Sex trafficking is widely believed to increase when big sporting events take place. When Floyd Mayweather and Conor McGregor fought in Las Vegas last month, prostitution-related arrests spiked when compared with a typical August weekend.
What’s less clear is the effect a new professional sports team — or in Las Vegas’ case, two new sports teams — will have on sex trafficking.
“Anything that comes into town that gives a surge of activity or interest in Vegas always brings more activity in terms of the need and the demand for sexual exploitation,” said Karen Diers, city director of Refuge for Women Las Vegas, a safe house and after-care program for victims of sex trafficking and sexual exploitation. “It’s just a supply and demand thing,” she said.
The expansion Golden Knights will begin their inaugural NHL season in Las Vegas next month. The NFL’s Raiders are expected to move from Oakland to Las Vegas in 2020. Local advocates fear the new teams will bring more sex trafficking. But will their games generate the kind of trafficking activity associated with major, one-off events? At this point, no one knows.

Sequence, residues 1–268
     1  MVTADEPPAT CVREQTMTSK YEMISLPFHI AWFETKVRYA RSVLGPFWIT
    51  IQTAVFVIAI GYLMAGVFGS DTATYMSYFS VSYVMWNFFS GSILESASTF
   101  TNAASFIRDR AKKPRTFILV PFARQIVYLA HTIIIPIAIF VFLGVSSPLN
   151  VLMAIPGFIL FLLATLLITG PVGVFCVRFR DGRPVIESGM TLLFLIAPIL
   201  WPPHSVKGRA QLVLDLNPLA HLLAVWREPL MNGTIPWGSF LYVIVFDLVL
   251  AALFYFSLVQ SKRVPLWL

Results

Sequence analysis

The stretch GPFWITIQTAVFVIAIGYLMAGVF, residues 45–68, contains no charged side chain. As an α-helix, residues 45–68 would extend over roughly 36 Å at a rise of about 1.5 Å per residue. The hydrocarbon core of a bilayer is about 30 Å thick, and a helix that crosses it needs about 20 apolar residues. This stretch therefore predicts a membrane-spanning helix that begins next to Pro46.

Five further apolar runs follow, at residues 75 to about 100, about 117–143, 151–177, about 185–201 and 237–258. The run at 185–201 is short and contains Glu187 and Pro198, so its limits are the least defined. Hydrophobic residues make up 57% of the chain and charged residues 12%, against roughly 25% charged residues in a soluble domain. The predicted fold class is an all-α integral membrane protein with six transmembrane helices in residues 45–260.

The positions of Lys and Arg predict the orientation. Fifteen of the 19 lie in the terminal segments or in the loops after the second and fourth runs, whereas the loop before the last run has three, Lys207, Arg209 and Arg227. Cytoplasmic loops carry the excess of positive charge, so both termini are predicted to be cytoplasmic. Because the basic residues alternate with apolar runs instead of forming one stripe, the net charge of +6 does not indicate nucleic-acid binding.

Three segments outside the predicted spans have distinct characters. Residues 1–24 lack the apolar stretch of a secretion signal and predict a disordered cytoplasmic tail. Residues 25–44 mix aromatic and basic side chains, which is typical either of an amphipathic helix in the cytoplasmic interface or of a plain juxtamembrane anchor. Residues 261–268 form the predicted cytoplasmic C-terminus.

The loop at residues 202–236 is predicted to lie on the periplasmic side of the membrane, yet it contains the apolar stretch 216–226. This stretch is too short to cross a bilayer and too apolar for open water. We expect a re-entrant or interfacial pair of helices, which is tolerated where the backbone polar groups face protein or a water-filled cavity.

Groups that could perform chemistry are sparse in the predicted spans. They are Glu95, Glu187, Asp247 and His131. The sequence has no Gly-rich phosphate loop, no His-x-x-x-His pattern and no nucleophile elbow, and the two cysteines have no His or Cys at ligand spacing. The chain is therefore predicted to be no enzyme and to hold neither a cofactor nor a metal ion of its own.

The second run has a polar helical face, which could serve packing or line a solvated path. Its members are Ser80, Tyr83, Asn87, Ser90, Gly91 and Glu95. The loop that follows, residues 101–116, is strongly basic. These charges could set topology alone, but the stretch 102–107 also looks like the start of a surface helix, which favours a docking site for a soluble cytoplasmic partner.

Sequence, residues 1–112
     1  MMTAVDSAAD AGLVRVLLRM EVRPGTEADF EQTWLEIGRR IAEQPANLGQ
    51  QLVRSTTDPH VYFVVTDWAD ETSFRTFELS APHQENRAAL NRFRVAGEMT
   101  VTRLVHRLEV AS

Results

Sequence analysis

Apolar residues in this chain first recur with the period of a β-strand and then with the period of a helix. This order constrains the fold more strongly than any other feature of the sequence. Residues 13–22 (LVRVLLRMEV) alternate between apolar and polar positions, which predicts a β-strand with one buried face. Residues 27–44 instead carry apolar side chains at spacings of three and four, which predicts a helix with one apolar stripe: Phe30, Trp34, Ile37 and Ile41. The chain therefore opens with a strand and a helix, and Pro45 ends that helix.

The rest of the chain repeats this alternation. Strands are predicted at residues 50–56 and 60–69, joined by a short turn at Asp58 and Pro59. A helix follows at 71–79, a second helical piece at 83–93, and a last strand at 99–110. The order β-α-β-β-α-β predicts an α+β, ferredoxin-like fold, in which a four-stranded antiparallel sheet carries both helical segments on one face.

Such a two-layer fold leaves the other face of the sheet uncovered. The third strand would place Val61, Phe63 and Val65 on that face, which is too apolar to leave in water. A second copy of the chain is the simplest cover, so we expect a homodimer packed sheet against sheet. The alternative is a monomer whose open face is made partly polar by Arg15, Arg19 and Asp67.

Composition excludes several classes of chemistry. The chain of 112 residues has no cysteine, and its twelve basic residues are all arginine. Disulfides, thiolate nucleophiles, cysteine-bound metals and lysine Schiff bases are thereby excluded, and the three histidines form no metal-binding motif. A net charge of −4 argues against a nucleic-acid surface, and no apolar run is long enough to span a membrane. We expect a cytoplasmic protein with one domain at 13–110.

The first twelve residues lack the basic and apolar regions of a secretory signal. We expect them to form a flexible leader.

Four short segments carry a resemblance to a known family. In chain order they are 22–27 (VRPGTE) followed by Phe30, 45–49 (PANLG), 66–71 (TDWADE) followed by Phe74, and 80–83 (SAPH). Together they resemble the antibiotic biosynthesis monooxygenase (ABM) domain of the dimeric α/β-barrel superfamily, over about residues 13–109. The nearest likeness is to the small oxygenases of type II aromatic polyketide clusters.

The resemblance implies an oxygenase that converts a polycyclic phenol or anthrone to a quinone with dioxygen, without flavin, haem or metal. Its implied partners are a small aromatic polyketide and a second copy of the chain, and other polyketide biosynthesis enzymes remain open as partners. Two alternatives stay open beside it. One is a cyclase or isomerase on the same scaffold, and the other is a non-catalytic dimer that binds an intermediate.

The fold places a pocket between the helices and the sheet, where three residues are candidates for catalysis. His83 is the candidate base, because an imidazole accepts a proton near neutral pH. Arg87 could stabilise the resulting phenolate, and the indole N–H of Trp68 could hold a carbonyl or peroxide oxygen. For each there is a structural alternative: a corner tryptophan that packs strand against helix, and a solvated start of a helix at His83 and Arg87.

Oklahoma City gained its first big-league team in 2008, when the NBA’s Seattle SuperSonics relocated there and became the Thunder. Police there say they saw no uptick in sex trafficking after the team arrived. Neither did authorities in Nashville, Tenn., which added both a professional hockey team, the Nashville Predators, and a professional football team, the Tennessee Titans, in the late 1990s. NFL spokesman Brian McCarthy said he wasn’t aware of sex trafficking numbers increasing when a new football team comes to a city. NHL spokesman Frank Brown declined to comment.
But Nashville and Oklahoma City aren’t Las Vegas. Tourism officials hope the new teams attract more visitors to Southern Nevada. “We are aware that anytime there is a large spike in visitor volume that the potential for an increase in sex trafficking cases exists,” said Lt. Raymond Spencer, head of the Las Vegas Metropolitan Police Department’s Vice Section.